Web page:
Korean J Obstet Gynecol Search


Korean Journal of Obstetrics & Gynecology 1999;42(10):2293-2299.
Published online January 1, 2001.
Difference of Telomerase Activity Between Uterine Cervical Intraepithelial Neoplasia, Early and Advanced Cervical Cancers.
Jin Kim, Jong Bum Lee, Young Suk Seo, Sang Lyun Nam
Objective: Cellular immortality is believed to be a critical step in tumorigenesis. As an important component of the telomere maintenance mechanism, the activation of the enzyme telomerase is tightly associated with cellular immortality and cancer. However, little is known about the status of telomerase during human cervical cancer development. To assess the role of telomerase in the development of malignant transformation of the uterine cervix, this investigation was performed. PATIENTS AND METHODS: Telomerase activity was measured by telomeric repeat amplification protocol(TRAP) assay in 8 cervical intraepithelial neoplasia(CIN) and 24 cervical cancers. The tissue adjacent to the lesions from the same patients was also examined for the presence of telomerase activity. RESULTS: Thirty one of the 32(96.9%) lesions were positive for telomerase activity. In the CIN patients, four of the 8(50.0%) lesions showed moderately to strongly positive activities. In the cervical cancer Ia lesions, five of the 9(55.6%), and beyond the stage Ib lesions, fourteen of the 15(93.3%) showed moderately to strongly positive activities. There was a positive correlation between the grade of the lesion and the telomerase activity(P=0.023). Patient's gravida and telomerase activity also had a positive correlation(P=0.022). CONCLUSION: Relatively weak telomerase activity was detected in the low grade cervical lesion and strong activity was detected in the high grade lesion. There was a progressive increase of telomerase activity in association with an increased degree of cervical lesion. Patient's gravida also had an association with telomerase activity. These results suggest that the expression of telomerase activity may play a crucial role in cervical carcinogenesis.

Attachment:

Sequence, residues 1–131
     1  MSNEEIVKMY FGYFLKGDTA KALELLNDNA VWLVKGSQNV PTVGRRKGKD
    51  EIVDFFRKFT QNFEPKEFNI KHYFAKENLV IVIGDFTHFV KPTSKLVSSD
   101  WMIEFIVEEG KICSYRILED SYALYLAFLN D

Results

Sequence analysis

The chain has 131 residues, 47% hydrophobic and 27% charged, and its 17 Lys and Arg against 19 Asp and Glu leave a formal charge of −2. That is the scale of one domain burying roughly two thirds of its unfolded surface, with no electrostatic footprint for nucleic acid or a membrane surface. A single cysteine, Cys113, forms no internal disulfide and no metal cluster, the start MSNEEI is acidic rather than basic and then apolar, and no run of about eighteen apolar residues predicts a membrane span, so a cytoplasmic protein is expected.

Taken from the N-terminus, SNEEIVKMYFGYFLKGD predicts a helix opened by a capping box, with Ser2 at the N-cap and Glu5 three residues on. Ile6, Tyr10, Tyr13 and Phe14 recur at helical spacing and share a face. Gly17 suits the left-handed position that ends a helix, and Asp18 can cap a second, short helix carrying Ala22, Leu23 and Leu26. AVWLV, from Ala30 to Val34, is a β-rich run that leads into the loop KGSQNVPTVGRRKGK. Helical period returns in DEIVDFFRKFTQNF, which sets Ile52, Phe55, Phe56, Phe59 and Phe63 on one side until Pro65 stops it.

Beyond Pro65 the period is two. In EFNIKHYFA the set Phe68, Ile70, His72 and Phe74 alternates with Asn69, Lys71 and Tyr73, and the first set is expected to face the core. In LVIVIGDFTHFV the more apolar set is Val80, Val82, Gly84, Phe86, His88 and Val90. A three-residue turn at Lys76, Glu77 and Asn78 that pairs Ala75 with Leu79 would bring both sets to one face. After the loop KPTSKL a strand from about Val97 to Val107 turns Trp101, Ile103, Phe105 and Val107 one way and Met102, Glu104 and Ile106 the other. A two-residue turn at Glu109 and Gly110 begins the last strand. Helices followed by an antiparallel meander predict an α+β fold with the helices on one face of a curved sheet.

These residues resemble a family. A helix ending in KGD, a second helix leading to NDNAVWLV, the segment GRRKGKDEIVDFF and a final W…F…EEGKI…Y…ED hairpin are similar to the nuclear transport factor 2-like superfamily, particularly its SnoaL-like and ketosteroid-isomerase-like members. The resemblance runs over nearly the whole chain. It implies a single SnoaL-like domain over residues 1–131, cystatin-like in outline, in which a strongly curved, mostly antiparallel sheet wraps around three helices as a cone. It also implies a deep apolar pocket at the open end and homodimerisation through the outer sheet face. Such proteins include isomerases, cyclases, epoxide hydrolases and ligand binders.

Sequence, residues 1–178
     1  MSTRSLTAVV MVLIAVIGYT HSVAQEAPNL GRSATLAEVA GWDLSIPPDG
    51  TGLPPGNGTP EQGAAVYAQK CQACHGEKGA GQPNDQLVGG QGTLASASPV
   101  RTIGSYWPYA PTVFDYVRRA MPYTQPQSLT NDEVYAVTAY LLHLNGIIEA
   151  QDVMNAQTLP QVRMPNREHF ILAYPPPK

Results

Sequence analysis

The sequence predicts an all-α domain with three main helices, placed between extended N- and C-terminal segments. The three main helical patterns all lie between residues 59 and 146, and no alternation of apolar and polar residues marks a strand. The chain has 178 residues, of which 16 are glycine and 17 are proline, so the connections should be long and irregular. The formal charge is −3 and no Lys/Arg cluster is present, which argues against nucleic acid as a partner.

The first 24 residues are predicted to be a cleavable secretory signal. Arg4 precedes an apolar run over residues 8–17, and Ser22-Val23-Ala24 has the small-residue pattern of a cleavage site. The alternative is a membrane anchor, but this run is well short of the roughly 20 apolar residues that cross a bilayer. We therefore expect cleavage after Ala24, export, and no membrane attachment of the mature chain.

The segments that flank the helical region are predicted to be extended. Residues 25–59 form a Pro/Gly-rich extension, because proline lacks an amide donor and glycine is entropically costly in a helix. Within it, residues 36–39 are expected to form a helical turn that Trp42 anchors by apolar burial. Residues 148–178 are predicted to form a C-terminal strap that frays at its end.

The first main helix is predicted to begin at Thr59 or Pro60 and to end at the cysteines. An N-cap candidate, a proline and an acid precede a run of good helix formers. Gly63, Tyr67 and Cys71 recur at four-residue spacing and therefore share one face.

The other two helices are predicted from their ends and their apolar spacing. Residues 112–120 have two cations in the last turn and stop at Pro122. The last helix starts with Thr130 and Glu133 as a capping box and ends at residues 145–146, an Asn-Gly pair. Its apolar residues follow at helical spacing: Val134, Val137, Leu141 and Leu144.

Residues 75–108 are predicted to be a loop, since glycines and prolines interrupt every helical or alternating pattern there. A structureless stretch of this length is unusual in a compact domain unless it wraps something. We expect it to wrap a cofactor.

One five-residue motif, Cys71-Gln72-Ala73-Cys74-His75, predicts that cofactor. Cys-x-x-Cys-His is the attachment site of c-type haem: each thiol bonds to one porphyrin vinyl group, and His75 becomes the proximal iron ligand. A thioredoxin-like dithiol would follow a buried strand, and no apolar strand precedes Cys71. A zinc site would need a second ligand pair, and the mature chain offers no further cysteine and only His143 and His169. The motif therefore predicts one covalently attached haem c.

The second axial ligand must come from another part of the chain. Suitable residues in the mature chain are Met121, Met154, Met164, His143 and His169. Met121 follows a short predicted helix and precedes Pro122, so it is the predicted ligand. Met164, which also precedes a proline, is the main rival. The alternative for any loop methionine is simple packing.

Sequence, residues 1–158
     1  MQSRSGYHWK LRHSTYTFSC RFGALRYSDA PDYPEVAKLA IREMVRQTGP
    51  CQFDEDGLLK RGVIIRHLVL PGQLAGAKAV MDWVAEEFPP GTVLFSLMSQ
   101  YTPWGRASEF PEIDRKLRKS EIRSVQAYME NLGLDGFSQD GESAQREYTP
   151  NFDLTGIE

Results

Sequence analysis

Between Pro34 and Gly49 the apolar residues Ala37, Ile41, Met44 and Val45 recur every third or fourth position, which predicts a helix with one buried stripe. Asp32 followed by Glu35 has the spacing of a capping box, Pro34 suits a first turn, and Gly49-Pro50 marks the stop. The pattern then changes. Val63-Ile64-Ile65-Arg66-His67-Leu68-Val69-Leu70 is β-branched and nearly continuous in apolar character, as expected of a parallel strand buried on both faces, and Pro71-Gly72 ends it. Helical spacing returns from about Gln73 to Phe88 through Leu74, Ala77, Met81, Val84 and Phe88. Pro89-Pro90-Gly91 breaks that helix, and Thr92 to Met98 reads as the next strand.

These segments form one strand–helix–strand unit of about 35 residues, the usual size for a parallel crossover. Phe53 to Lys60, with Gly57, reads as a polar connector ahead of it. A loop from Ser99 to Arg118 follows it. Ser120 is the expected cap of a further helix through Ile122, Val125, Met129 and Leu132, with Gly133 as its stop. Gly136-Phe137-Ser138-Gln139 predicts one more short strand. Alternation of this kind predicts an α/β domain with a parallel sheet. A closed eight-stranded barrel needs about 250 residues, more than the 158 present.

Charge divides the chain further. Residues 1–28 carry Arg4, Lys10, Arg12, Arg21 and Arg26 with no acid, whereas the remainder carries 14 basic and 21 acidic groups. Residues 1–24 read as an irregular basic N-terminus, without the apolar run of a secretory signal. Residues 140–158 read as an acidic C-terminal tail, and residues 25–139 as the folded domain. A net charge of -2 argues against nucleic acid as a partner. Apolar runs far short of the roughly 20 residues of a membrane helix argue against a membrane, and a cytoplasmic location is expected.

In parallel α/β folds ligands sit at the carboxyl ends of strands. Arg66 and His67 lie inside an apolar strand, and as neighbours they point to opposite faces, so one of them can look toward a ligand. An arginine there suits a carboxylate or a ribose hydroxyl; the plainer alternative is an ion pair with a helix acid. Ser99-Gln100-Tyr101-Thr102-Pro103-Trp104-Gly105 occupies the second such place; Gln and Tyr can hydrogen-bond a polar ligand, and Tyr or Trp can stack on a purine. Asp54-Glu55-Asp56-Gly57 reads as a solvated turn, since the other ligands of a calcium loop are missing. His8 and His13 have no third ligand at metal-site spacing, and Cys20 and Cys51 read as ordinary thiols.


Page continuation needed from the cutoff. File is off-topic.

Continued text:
Key Words: Telomerase Activity, Cervical Cancer, CIN

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